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How to make your audience salivate over every word of your copy

A bunch of months ago, the great Jim Clair recommended a book by one Raymond Chandler, an author from the early 19th century. Jim’s given me a bunch of good fiction recommendations over the years like Stephen King’s Dark Tower Series and Robert Galbraith’s PI books. Chandler’s books also follow a PI, Phillip Marlowe. 


Even though I’m still in the “green” pages of The Big Sleep (Chandler’s first published book, which he published at the ripe age of fifty-one, in case you were feeling old) Marlowe is an absolute hoot. He comes across the page so masculine, so anti-needy, and so direct that it’s a breath of fresh air, especially because of the contrast between this and the last fiction book I read: A Clockwork Orange. 


I already know Mr. Marlowe will become email fodder for your Humble Narrator. And even though I’m only fifty-some pages into this book, I can see why Jim Clair loves Chandler’s writing so much. In fact, if you read Jim’s writing, you can see how much influence Chandler had on him.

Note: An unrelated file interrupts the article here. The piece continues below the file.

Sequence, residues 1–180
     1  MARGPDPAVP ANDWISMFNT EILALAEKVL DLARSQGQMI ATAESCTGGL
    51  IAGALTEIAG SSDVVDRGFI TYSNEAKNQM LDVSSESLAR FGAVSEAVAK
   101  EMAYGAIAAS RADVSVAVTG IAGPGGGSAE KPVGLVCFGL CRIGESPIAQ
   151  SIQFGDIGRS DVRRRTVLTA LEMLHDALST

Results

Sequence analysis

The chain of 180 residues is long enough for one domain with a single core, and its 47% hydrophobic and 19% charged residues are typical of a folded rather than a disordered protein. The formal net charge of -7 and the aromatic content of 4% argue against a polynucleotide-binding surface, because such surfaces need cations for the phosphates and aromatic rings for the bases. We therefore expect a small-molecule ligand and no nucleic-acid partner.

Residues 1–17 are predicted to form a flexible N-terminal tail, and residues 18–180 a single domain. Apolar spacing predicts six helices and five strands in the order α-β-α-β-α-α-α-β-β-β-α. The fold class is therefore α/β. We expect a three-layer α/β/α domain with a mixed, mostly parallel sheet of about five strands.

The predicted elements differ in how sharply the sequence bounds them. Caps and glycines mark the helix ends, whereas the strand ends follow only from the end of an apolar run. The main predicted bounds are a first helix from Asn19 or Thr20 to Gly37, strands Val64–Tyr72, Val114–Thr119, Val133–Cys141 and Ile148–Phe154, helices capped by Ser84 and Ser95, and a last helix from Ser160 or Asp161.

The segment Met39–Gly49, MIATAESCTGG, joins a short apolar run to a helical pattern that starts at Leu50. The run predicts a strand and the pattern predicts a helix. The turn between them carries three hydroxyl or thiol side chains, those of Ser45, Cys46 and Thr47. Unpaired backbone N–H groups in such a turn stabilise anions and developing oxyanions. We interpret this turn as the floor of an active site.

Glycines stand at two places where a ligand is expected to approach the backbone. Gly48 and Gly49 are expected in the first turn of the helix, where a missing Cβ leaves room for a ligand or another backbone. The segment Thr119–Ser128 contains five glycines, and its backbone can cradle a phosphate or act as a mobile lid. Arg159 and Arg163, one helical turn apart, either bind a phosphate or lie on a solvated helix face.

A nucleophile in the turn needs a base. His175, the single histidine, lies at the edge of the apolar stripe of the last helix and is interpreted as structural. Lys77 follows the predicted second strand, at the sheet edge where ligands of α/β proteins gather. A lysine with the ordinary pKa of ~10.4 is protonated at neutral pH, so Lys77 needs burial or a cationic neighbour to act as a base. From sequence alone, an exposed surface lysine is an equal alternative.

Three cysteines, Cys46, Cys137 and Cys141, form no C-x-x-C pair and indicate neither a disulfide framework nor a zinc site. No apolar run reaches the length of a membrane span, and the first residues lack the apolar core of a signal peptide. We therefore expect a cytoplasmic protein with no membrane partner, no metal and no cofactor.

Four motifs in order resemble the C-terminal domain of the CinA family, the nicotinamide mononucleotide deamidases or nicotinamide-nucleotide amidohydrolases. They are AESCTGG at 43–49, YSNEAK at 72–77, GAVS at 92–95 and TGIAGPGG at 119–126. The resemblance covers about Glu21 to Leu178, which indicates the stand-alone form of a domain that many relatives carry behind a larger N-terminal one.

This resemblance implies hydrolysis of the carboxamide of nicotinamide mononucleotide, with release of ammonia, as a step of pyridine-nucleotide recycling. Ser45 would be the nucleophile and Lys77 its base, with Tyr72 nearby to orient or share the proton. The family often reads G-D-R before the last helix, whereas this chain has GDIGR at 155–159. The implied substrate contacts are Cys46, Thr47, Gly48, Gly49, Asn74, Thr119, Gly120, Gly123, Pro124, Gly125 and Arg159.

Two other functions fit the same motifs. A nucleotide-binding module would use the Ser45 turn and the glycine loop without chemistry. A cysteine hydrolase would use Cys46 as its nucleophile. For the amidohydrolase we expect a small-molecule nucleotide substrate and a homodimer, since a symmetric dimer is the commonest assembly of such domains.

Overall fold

LIke Marlowe, Chandler’s style is direct. Masculine. Naturally intriguing. 


It reminds me quite a bit of English professor William Strunk Jr’s The Elements of Style book, where he rails against wordiness. A problem most copywriters I know run full speed into. 


But besides being punctual and direct, Chandler also gives his readers a masterclass in how to write visual copy. His skill of wielding similes and metaphors to invite the reader into the world he’s creating is expert level. But he also keeps these figures of speech simple and easy to grasp: Something that takes more skill than you’d think. 


I jotted down this line in my phone after reading it: 


“I let my breath out so slowly that it hung on my lip.” 


If that doesn’t invite you, head first, into the world Marlowe sees, I don’t know what will. 


Now, you’re probably wondering what this has to do with copy or even with being more visual in your writing. 


The truth is, there’s no easy tip for writing visually. Sure, there are some verbs you’d choose over others. And some figures of speeches you can equip—like similes and metaphors and analogies—to spruce up your copy. 


But if you want to master visual writing, you need to practice. And outside of building a habit of writing frequently, one way to passively learn how to write visually is by reading Chandler. 


But why should you study visual writing? 


Isn’t it something that’s best left for fiction authors and screenwriters? 


No.


When you can write copy that lures in your audience like a fiction author lures their reader to the next chapter with a cliffhanger, then, well, methinks (and meknows) that you’ll see your revenue tick up and up and up. 


And if you need help being more visual in your email copy, hit reply, and let’s set up a quick chat. 


John

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